When I ask Alistair how involved he was in bringing the event to Leeds in what was a golden sporting period for the city, which also hosted the Tour de France start in 2014, he played down his role, saying: “In practical terms, not a lot.

“To be fair to Leeds City Council, they spoke in 2012 about the state of sport in Leeds, and I delivered a speech to the town councillors in the assembly about how there’s so much great sport going on in Leeds.

“I said there’s loads of amateur clubs, loads of people doing amazing things, loads of history and a tradition of people running and cycling, especially, and there’s this kind of growing tradition of triathlon and so much going on, and with a bit of help from the council, something really special could happen.

“And I didn’t think of it that much for a couple of years but then it got mentioned at some event I was at in 2014 and in 2015 they announced and it became a reality.

“By then Jonny and I had quite a few meetings with the council and event organisers about the course planning and that kind of thing, and I remember discussing various course options and we talked about, for example, whether to keep it within Roundhay Park – like they did in later years – or going to the city centre.

“And at the time, we thought it’d be amazing if it went into the city centre because it would really help Leeds stand out as an event, because it would mean that the people of Leeds could crowd into the city centre to watch and it’d be racing around a real major UK city centre. And we thought that would be a fantastic thing, to bring triathlon to that location, which it turned out to be in those first few years, I think it was really special.”

Inspiring the next generation

But now that opportunity to act as a shop window has gone, Brownlee feels it’s as important as ever that everyone within the sport does what they can to encourage people – and youngsters in particular – to get involved.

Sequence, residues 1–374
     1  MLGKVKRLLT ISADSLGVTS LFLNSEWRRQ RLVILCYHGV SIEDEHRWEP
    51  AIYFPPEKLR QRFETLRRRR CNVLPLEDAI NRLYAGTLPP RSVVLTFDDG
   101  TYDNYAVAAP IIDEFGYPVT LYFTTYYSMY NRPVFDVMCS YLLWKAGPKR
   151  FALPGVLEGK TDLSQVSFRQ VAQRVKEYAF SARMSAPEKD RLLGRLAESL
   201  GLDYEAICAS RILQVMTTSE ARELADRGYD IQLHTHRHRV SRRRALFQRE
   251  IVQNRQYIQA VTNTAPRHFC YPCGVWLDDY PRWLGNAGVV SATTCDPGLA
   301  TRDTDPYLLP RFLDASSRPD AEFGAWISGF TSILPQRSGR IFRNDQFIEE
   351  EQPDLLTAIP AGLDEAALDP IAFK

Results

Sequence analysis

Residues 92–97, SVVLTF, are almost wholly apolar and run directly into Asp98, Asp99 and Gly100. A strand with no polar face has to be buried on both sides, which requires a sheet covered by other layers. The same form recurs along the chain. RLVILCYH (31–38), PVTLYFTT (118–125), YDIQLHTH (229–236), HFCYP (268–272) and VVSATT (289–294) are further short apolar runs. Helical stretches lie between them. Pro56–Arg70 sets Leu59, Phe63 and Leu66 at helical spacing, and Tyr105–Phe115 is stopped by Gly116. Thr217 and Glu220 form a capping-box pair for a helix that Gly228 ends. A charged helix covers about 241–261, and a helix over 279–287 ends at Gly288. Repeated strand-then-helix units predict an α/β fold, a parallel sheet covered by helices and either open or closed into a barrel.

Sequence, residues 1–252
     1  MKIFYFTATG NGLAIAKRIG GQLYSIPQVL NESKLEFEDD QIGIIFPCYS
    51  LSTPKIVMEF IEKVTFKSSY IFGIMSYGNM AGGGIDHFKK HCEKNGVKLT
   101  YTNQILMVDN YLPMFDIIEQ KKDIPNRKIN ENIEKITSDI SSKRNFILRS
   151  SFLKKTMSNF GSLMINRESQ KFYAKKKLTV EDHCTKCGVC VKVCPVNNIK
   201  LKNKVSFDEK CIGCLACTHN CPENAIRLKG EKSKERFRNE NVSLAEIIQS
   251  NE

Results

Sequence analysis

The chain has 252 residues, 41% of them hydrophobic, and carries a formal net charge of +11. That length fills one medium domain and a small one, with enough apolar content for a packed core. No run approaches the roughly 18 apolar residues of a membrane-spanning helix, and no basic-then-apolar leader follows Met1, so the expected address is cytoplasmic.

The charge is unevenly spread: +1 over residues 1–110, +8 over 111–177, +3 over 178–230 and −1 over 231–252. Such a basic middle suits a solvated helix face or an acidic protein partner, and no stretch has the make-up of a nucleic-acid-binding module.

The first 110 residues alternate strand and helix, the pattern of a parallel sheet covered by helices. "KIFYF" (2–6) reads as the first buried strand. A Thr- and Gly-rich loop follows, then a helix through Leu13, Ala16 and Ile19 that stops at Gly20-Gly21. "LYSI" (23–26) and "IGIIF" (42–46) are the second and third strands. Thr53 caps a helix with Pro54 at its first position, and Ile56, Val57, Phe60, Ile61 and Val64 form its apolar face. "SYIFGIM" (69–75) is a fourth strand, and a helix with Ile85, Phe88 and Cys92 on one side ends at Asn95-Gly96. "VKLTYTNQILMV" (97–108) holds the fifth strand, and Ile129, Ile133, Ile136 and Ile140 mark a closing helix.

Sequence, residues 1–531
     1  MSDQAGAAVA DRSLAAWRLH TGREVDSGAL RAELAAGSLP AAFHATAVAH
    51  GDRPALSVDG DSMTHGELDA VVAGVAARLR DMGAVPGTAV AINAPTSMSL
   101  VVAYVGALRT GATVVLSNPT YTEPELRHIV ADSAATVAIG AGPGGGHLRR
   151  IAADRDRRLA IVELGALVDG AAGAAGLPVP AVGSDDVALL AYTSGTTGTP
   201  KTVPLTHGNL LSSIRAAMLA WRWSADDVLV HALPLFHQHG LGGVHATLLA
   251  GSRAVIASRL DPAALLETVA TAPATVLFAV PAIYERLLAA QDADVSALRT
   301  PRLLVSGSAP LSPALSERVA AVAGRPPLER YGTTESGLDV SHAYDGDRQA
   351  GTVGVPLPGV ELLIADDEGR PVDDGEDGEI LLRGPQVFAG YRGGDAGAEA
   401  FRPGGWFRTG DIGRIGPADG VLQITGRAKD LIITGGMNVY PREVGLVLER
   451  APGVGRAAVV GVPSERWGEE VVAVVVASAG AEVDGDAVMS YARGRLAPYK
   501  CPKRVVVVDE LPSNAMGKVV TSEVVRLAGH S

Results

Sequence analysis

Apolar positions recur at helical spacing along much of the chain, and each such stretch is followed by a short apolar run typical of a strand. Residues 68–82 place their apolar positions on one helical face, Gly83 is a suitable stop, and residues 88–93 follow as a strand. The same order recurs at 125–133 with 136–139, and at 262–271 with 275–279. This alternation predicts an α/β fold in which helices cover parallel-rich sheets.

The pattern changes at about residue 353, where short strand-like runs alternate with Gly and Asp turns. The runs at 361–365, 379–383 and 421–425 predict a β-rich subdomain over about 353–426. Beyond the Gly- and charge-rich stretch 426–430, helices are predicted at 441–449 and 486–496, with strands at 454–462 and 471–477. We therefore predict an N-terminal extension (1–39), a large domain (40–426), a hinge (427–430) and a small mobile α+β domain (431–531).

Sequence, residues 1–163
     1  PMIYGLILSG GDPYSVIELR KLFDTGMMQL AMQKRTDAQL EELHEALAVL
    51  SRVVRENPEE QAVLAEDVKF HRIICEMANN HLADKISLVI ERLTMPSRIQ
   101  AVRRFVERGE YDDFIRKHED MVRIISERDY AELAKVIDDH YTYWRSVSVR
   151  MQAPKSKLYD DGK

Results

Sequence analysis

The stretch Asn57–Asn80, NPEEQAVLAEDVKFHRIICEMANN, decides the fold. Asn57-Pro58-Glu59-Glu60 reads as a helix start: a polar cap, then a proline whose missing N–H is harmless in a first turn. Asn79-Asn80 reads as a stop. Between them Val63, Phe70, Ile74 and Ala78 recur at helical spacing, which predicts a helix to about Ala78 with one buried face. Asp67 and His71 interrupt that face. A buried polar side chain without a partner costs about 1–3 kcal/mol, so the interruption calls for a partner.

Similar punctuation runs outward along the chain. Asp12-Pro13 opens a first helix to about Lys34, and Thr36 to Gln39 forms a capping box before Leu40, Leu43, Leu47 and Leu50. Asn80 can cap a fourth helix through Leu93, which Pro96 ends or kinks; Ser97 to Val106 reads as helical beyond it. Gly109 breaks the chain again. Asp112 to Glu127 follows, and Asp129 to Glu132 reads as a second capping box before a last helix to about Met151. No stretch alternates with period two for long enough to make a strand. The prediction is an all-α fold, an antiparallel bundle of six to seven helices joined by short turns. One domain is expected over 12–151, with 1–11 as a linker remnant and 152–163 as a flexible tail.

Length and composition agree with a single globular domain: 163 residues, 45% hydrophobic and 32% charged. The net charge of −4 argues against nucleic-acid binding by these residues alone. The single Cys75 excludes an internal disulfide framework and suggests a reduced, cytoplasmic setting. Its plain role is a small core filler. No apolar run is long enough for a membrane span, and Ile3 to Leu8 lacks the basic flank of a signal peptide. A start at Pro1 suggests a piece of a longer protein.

He and Jonny have done that to incredible effect with the Brownlee Foundation, this summer welcoming their 50,000th child to a fun triathlon event.

And he told us: “I think it should be an important part of all of our thinking. All of us that I think care about the sport of triathlon and believe that activity is crucial in all our lives, especially young people’s lives, for loads of reasons.

“We always think of it in terms of health, but also the kind of psychological and development aspects of it. Not only is it good for mental health, but the social aspects and all those things that we all learned doing sport growing up. I think it should always be very high on everyone’s agenda, whether we just care about sport, whether we care about the future of society, and whether it’s, I guess, officially our job as it is for a Federation to promote that.

“I’m very proud of the work that the Brownlee Foundation has done. It’s come from a small idea for exactly the reasons I just outlined and it really seems to be going from strength to strength. We’ve got great support from people, fantastic volunteers and people working for us, which is brilliant. Let’s hope we can do another 50,000 and expand even more, even sooner.”

Alistair & Jonny Brownlee Foundation hits legacy milestone
Jonathan Turner
Written by
Jonathan Turner
Jonathan Turner is News Director for both TRI247 and RUN247, and is accustomed to big-name interviews, breaking news stories and providing unrivalled coverage for endurance sports.